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Impact of local treatment on overall survival of patients with metastatic prostate cancer: systematic review and meta-analysis

Vol. 43 (4): 588-599, July – August, 2017

doi: 10.1590/S1677-5538.IBJU.2016.0483


Arie Carneiro 1,2, Willy Baccaglini 2, Felipe P.A. Glina 3, Paulo P. Kayano 1, Victor M. Nunes 4, Oren Smaletz 5, Wanderley Marques Bernardo 4, Icaro Thiago de Carvalho 6, Gustavo Caserta Lemos 1
1 Departamento de Urologia, Hospital Israelita Albert Einstein, SP, Brasil; 2 Departamento de Urologia, Faculdade de Medicina do ABC, SP, Brasil; 3 Faculdade de Ciências Médicas, Universidade Metropolitana de Santos, SP, Brasil; 4 Centro Universitário Lusiada, Faculdade de Ciências Médicas de Santos, SP, Brasil; 5 Departamento de Oncologia, Hospital Israelita Albert Einstein, São Paulo, Brasil; 6 Departamento de Radioterapia, Hospital Israelita Albert Einstein, São Paulo, Brasil

Context: Currently, standard treatment of metastatic prostatic cancer (MPCa) is androgen-deprivation therapy (ADT). Recent studies suggested that local treatment of MPCa is related to increase of survival of those patients, as observed in other tumors.

Objective: To evaluate the impact of local treatment on overall survival and cancer specific survival in 3 and 5 years in patients with MPCa.

Materials and Methods: Systematic review and meta-analysis of population studies published at PubMed, Scielo, Lilacs, Cochrane and EMBASE databases until June 2016. Several large cohorts and Post-Roc studies were included, that evaluated patients with MPCa submitted to local treatment (LT) using radiotherapy (RDT), surgery (RP) or brachytherapy (BCT) or not submitted to local treatment (NLT).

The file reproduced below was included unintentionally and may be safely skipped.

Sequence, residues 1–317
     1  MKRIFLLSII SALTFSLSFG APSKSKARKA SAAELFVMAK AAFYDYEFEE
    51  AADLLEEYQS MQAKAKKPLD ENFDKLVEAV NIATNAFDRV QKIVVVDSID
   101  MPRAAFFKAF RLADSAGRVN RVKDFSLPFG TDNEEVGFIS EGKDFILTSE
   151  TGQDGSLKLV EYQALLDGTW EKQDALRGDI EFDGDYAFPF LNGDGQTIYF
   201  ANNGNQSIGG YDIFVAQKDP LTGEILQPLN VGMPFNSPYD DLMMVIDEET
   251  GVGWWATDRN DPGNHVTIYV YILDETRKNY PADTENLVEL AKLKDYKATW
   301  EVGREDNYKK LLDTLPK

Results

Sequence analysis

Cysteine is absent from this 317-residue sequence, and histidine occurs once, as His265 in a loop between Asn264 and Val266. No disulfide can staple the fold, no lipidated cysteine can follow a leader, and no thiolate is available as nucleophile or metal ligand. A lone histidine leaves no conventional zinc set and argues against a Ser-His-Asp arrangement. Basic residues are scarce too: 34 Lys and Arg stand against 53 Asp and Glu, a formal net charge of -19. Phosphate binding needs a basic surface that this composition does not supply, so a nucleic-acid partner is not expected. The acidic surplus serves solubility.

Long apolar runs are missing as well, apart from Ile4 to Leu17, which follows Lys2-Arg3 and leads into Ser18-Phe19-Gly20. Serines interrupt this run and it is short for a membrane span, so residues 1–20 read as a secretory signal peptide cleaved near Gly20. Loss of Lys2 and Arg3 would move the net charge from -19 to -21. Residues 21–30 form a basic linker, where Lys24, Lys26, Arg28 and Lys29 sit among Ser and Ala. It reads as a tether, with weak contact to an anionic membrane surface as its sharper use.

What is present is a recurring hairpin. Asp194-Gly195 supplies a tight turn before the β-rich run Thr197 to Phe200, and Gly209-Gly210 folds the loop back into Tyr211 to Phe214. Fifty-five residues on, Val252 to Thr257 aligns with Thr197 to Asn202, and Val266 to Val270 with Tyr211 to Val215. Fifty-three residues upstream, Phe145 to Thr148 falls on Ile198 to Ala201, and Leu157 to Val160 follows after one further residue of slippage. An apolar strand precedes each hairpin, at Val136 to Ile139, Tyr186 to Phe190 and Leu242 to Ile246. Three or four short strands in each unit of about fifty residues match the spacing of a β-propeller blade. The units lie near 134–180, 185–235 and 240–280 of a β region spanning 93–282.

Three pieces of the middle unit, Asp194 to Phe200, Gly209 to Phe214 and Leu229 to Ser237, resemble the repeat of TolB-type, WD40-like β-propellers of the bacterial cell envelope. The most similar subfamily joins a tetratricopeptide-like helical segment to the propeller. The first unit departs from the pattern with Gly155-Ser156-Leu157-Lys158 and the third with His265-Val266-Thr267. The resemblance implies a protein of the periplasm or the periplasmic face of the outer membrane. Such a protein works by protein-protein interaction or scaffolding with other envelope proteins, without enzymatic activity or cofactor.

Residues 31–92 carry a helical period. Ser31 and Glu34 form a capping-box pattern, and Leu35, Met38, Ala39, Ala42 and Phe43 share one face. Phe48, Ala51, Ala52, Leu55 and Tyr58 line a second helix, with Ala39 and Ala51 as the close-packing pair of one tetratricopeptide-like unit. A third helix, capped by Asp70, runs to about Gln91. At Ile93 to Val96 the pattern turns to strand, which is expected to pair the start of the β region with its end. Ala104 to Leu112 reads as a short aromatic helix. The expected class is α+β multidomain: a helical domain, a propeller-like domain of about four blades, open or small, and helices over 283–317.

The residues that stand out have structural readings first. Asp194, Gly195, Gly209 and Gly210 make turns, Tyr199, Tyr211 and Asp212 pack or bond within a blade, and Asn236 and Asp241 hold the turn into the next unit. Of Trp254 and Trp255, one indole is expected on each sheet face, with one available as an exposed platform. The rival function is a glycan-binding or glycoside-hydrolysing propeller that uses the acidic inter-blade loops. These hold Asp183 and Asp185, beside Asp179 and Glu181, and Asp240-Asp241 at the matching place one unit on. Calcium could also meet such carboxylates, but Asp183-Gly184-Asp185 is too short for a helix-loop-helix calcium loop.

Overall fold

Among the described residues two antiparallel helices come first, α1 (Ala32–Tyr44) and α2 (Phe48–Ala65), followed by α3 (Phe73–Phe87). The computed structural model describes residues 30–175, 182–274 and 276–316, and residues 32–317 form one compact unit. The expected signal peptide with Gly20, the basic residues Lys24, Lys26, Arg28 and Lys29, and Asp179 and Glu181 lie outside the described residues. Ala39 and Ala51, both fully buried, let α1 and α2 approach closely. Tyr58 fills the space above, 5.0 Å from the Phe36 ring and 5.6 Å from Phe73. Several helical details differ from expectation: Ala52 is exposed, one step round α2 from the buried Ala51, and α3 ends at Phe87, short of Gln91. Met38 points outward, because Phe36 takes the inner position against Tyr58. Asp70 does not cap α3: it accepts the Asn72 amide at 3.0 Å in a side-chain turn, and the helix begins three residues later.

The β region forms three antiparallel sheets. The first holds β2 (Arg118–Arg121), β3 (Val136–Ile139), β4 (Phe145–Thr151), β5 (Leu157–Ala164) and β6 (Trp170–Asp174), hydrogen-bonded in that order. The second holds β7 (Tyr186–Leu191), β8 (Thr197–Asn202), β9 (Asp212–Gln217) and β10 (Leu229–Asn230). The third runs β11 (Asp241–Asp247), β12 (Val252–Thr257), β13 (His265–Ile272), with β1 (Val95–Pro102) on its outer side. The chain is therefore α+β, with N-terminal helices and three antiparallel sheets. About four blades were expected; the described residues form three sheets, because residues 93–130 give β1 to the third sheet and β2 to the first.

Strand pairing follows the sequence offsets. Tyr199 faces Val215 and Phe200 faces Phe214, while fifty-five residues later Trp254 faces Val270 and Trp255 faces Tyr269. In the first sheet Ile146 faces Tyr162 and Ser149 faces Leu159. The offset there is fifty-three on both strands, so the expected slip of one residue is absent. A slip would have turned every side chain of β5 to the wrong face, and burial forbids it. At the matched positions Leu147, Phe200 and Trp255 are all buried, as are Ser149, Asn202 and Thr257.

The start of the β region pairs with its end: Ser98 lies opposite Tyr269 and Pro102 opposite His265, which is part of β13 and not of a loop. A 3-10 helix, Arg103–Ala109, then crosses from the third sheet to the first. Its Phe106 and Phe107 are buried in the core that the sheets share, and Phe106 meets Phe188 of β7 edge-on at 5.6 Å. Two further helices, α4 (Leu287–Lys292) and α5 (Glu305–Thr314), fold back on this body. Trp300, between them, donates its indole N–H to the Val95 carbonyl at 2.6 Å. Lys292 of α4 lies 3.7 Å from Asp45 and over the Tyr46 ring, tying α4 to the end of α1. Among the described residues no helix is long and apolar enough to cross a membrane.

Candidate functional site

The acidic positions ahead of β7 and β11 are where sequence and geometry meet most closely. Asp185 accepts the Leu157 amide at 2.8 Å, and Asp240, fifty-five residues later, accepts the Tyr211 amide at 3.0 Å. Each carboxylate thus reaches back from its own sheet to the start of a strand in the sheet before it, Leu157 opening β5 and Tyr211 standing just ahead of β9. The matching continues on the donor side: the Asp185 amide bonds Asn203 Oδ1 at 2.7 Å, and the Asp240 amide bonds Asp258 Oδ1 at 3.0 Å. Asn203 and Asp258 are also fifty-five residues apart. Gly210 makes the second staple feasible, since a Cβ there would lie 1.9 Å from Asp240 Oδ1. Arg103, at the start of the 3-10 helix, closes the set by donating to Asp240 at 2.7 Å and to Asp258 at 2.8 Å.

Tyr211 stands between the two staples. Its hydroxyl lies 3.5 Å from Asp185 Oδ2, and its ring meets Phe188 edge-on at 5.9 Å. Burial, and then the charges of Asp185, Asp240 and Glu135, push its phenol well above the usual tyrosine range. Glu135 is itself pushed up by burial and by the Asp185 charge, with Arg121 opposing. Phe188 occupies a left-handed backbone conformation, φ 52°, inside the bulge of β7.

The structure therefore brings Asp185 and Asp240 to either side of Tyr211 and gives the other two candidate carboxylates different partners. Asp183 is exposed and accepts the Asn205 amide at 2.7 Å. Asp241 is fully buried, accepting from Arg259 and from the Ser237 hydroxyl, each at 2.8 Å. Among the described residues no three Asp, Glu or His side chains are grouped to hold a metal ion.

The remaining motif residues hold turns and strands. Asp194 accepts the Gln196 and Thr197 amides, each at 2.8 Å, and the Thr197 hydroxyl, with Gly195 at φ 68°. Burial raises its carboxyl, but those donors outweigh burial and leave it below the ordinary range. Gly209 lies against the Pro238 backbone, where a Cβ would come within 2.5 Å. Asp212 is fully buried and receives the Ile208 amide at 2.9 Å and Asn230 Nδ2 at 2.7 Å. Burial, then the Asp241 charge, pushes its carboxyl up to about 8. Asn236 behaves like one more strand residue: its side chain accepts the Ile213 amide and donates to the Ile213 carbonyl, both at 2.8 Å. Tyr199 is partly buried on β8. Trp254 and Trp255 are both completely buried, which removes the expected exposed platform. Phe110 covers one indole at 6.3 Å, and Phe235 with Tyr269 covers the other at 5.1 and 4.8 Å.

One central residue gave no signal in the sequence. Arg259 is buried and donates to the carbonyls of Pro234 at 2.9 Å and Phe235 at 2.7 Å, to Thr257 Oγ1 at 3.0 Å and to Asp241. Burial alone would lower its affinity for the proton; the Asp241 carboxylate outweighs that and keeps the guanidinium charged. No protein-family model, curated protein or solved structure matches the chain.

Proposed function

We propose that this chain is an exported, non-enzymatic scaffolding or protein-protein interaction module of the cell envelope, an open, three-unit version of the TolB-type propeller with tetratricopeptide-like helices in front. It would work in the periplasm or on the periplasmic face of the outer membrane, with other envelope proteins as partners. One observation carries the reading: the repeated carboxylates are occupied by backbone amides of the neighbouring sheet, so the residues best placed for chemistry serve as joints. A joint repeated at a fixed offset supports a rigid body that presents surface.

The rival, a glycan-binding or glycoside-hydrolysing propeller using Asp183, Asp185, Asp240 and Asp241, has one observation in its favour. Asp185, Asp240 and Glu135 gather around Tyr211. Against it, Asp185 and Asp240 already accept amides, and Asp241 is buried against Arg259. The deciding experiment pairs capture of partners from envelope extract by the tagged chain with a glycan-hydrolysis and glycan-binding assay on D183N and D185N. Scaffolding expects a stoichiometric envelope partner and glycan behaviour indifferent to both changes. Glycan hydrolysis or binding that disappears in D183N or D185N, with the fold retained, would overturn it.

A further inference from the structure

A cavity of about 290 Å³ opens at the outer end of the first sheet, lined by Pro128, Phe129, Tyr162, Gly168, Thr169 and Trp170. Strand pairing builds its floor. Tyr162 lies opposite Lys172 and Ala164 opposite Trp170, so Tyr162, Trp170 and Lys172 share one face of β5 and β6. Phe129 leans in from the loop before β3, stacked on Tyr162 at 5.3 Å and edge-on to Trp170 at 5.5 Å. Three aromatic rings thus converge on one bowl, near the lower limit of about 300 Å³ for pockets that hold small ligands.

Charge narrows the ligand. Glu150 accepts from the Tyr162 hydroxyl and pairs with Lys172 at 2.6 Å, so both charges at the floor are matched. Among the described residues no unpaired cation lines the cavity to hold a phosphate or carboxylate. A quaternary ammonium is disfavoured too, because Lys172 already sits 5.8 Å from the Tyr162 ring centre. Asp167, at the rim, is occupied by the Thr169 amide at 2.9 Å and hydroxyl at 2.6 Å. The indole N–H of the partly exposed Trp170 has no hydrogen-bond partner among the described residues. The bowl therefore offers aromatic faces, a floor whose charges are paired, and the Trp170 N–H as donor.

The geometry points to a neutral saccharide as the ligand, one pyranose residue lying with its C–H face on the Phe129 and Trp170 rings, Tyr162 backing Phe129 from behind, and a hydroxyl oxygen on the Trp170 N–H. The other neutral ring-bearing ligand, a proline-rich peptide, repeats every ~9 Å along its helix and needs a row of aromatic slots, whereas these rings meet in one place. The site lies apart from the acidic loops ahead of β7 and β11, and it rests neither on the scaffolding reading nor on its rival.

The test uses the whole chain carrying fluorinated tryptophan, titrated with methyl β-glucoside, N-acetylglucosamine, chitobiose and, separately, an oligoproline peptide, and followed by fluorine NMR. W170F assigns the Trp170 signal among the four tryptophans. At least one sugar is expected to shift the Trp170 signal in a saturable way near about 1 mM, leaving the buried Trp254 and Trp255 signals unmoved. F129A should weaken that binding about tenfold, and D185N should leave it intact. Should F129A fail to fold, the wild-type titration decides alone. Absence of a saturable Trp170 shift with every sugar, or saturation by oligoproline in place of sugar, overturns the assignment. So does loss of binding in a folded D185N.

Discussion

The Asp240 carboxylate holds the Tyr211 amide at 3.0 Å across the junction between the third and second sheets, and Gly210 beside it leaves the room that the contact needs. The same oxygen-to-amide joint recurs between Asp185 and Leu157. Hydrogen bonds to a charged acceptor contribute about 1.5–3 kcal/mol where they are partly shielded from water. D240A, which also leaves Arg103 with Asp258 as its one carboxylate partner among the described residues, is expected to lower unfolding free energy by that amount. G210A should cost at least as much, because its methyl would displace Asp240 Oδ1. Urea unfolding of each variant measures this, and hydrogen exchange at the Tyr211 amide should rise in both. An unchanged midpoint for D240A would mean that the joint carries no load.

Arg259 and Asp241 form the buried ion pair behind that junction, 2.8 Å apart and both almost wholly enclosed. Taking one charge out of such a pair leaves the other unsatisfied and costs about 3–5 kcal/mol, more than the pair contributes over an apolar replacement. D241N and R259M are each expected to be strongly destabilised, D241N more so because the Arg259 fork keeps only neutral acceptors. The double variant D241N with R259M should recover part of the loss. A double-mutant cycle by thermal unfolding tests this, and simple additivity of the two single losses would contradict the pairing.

Results: 34.338 patients were analyzed in six included papers,...

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High cancer detection rate using cognitive fusion – targeted transperineal prostate biopsies

Vol. 43 (4): 600-606, July – August, 2017

doi: 10.1590/S1677-5538.IBJU.2016.0511


Snir Dekalo 1, Haim Matzkin 1, Nicola J Mabjeesh 1
1 Department of Urology, Tel Aviv Sourasky Medical Center, Sackler Faculty of Medicine, Tel Aviv University, Israel



Objective MRI of the prostate improves diagnostic accuracy of prostate cancer. Dif­ferent fusion approaches with transrectal ultrasound images are employed. Objective: To determine detection rate of prostate cancer in men undergoing transperineal MRI-based cognitive fusion biopsy.

Materials and Methods: One hundred and sixty-four consecutive men underwent a multiple-core prostate transperineal biopsy. Univariable and multivariable logistic re­gression analyses were used to address the relationship between clinical parameters and prostate cancer detection rate.

Results: One hundred and fourteen patients underwent mpMRI prior to the transperi­neal biopsy, 52 (45%) were diagnosed with prostate cancer, of them, 36 had Gleason score ≥7 (69%). Among these 114 patients, 82 had suspicious lesions on MRI, and 43 of them were diagnosed with cancer (52%). On multivariate analysis, the most significant independent predictive factors were PSA density (P<0.001) and suspicious MRI lesion (P=0.006). Men with a PSA density of more than 0.22 and a suspicious lesion on MRI had a detection rate of 78%. Detection rate among 50 patients with no MRI study prior to this biopsy was 26%.

Conclusions: This study showed that among a group of mostly multi-biopsied patients, the presence of mpMRI lesions and high PSA density values helped to detect clinically significant prostate cancer using cognitive MRI/TRUS fusion...